SMV Wheels: A Social Enterprise Working for the betterment of the Rickshaw Puller Community
In this age of BMWs, Audis and Mercedes, not uncommon inIndiaanymore,Varanasi, UP based SMV Wheels realized that rickshaws should be encouraged as an active mode of city transportation given its minimal carbon footprint. Starting their journey as SMV, their sole objective is to truly transform the lives of the rickshaw puller community by providing them dignity, recognition and long term sustainability.In conversation with Abhilasha Dafria for YourStory.in, SMV Wheels founder Naveen Krishna tells us more.
Naveen, please introduce yourself and SMV Wheels to our readers.
SMV stands for Solution Motivation and Vision although the registered name is (Slow Moving Vehicles). I did my MSW from Banaras Hindu University (BHU) and was campus recruited in CAPART (Funding agency of Ministry of Rural Development) in year 2006.I belong to Varanasi and since my childhood I witnessed the exploitation and hardships of the poor rickshaw pullers. Thus, I intended to do something for this community. With that mission on mind, I worked with Funding agencies, non-profits and the government to ensure better livelihood options for rickshaw pullers.
When and how was SMV Wheels born?
While working with the NGOs, it was experienced that due to a high dependency on grants, the projects associated with the rickshaw pullers had to suffer when the funds were saturated. So, I planned to a take a professional and disciplined approach to serve this community and thus, SMV Wheels was born on 22nd April 2010.
Could you please tell us in detail about the services you provide and how you go about it?
SMV Wheels’ primary product is a cycle rickshaw that is sold on a deferred payment basis. Rather than sourcing the rickshaws fully made in the market and paying a premium we source parts directly from the major suppliers: Neelam, Bhogal and KW, and pay local garages for the assembly. This reduces the delivered cost to Rs. 10,000 v/s the market price of Rs. 11,500. It also ensures we have greater control over the quality of the delivered product which will be essential in attracting and retaining customers.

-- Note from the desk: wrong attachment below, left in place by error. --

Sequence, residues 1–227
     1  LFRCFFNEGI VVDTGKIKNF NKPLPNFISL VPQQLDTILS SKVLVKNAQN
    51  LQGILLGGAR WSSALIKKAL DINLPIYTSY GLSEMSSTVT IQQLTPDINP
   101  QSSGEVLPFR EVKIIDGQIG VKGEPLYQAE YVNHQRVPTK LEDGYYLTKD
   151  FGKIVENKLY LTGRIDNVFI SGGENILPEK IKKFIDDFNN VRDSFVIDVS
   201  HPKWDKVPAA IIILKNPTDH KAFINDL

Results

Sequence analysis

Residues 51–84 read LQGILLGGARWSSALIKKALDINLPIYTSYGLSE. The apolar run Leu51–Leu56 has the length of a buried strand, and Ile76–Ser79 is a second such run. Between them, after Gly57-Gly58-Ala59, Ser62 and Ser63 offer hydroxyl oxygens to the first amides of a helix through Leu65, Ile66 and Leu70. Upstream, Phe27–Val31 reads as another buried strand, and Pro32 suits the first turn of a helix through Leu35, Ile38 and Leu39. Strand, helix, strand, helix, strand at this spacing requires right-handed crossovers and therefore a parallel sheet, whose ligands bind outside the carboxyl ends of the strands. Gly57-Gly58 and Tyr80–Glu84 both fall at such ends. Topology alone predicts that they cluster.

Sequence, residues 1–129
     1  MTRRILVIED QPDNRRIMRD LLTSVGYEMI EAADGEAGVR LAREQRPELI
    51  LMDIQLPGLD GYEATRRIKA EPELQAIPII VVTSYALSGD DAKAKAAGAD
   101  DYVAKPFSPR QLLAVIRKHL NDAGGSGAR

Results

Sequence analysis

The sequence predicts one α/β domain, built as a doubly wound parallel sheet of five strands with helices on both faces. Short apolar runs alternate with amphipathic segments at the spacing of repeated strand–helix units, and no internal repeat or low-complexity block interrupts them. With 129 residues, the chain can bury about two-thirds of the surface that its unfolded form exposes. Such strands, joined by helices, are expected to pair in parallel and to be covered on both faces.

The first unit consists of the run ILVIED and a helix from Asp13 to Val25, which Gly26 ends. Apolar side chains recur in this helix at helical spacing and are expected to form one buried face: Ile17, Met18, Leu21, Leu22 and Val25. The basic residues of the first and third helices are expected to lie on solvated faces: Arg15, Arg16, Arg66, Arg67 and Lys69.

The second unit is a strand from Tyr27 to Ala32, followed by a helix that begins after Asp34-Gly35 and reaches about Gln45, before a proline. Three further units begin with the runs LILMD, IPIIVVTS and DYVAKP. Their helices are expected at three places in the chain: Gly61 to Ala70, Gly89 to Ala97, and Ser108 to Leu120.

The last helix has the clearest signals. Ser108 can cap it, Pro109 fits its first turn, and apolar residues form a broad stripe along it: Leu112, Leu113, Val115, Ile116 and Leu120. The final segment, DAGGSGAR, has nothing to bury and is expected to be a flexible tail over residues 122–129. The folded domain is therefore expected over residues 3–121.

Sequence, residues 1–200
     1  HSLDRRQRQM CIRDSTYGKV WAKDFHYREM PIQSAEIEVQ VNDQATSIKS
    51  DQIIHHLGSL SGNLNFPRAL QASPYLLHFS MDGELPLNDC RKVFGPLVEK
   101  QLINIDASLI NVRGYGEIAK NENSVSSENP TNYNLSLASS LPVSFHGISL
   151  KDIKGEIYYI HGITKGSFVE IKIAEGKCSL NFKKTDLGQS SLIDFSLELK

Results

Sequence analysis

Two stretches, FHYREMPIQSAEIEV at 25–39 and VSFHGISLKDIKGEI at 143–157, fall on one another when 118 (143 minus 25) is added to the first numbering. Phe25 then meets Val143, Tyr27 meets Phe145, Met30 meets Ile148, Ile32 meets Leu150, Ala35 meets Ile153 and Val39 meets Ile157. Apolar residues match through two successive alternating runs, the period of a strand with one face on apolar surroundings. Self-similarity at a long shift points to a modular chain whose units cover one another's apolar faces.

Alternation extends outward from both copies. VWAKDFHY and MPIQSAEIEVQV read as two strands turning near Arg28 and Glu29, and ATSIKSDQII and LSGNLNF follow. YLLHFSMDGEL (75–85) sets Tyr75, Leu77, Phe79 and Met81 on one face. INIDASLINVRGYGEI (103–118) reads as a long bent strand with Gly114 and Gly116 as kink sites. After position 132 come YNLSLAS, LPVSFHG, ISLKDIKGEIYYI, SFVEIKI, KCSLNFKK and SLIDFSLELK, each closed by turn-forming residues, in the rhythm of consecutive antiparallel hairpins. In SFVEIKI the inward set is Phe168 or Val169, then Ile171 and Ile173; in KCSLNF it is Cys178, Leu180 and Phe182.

Parts are ordered in batches to benefit from bulk discounts. We order to meet demand from processed applications only thereby reducing the amount of working capital tied up in the rickshaws. We aim to have zero inventories. Supply chain risks are reduced by maintaining good relations with suppliers and the amount of capacity in the chain.
In addition to selling the rickshaw we provide vocational support to our consumers. This support not only promotes our social mission, it is also invaluable to the rickshaw drivers thereby enhancing our competitive position and reducing risk on payments. Our support includes the issuance of an official license, insurance, uniforms and photo identity cards. We have tied up with the department of Municipal Corporation to provide licences thereby reducing bureaucratic risks while insurance and uniforms are purchased in bulk to reduce the cost per driver. Support in the form of community meetings and in the nature of the group sales model has also shown to be invaluable to consumers.
How is the upgraded rickshaw different from the traditional one? Is there any green angle to it?